In the immediate aftermath of the November midterms, the media painted Donald Trump and his endorsed candidates as losers and Ron DeSantis, who won reelection as governor of Florida by a thumping margin, as the man of the moment. In response, Trump unleashed waves of online assaults on his onetime protégé. He was, in all likelihood, goaded to insult by a series of post-election polls showing that more GOP primary voters would choose DeSantis than would opt for a third Trump presidential candidacy.
Since then, Morning Consult polls have indicated that Trump’s position has stabilized, and that he would beat DeSantis were the election to be held tomorrow. Yet, those same polls also suggest Trump’s inherent weakness, showing that he would lose a rematch against Joe Biden while DeSantis would present a stronger challenge to the incumbent Democrat.
None of this bodes well for Trump’s staying power in the 11 months between now and the first primary contests for the 2024 nomination. Where he was once fresh, he’s now stale. Where he was once an outsider, he’s now very much an insider, with a pretty consistent track record of under-performing in recent elections.
Now, with his 2024 presidential bid gaining at best limited traction, Number 45 has, once again, taken to unleashing verbal riffs against DeSantis, hoping to preemptively intimidate his rival into not entering the race against him. “So now I hear he might want to run against me,” Trump told listeners to the conservative podcast, “The Water Cooler,” last week. “So, we’ll handle that the way I handle things.”
Aside from the fact that this sounded vaguely menacing — think of a mob boss talking about his enemies sleeping with the fishes — it was also patently absurd. Trump hasn’t exactly been “handling” anything well lately. Lest one forget, he is facing multiple criminal investigations — in Georgia, in New York, and at the federal level; most of his hand-picked candidates went down to defeat in November; his efforts to rally the enraged to Kari Lake’s voter fraud claims in the Arizona governor’s race went absolutely nowhere; he was widely derided for inviting neo-Nazis to dine with him in Mar-a-Lago, and for calling for a “termination” of constitutional rule in order to reinstate him in the White House; and it took 15 humiliating rounds of voting before Trump’s chosen yes-man, Kevin McCarthy — “My Kevin” as Trump condescendingly called him while in the White House — could win the speaker’s gavel. Even his own daughter, Ivanka, who during his time in office was arguably his closest counsel, has announced that she wants no part in another Trump presidency.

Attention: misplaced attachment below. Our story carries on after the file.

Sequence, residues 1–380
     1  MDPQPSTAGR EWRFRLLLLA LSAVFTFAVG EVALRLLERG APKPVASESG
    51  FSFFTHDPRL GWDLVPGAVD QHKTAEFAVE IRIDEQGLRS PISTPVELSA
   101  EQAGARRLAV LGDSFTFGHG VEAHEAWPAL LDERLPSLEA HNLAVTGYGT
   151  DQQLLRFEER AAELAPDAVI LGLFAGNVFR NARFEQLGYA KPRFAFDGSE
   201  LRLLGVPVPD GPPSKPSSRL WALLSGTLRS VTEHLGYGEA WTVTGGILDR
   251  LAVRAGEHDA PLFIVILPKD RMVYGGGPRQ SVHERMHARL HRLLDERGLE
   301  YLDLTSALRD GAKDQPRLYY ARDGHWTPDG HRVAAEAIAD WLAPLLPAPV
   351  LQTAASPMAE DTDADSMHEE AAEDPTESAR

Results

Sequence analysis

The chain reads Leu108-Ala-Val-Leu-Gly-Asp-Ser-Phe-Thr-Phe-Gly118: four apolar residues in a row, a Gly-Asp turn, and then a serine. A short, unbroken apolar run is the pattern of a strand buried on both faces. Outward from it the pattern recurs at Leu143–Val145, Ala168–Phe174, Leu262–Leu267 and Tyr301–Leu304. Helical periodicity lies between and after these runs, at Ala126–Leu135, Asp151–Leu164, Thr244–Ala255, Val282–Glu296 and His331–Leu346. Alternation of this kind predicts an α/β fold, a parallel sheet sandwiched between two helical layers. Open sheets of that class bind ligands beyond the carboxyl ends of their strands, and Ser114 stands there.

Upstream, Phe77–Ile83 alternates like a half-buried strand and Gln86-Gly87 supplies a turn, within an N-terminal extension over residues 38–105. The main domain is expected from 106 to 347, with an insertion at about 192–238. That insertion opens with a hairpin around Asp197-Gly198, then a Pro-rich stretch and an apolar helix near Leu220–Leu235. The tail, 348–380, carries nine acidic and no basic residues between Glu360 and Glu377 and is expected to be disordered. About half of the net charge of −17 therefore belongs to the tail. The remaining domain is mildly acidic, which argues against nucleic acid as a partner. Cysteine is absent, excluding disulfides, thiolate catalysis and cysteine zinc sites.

On January 28, Trump plans to hold his first campaign event, in the early primary state of South Carolina. But it won’t be a campaign rally. Instead, it will be a low-key affair, at the State House, with Sen. Lindsay Graham and Gov. Henry McMaster, two of his most reliable lackies, in tow. It’s in keeping with the new, uncharacteristically quiet approach that Trump has adopted since he announced his candidacy: To date, in the wake of the underwhelming elections results from November, he has shied away from the raucous rallies that, in 2016 and 2020, played so prominent a role in Trumpworld.
Trump’s team is trying to put it out that he is the inevitable nominee. In fact, there are many candidates in the wings, several of whom previously served in the Trump administration, looking to take advantage of Trump’s new vulnerabilities.
Former South Carolina governor and United Nations ambassador Nikki Haley has been dropping broad hints that she’s in the race — and has been picking up valuable support from fellow South Carolinian politicians. Former Secretary of State Mike Pompeo is gunning for the evangelical conservative vote, and while he hasn’t formally announced his candidacy, he has told news outlets that his decision won’t be impacted by Trump’s being in the race. Ex-Vice President Mike Pence has made it clear he, too, wants to be the nominee, although he hasn’t yet filed any paperwork to enter the race. Other potential candidates include South Carolina Sen. Tim Scott, as well as Texas Sen. Ted Cruz and a bevy of Republican governors and ex-governors.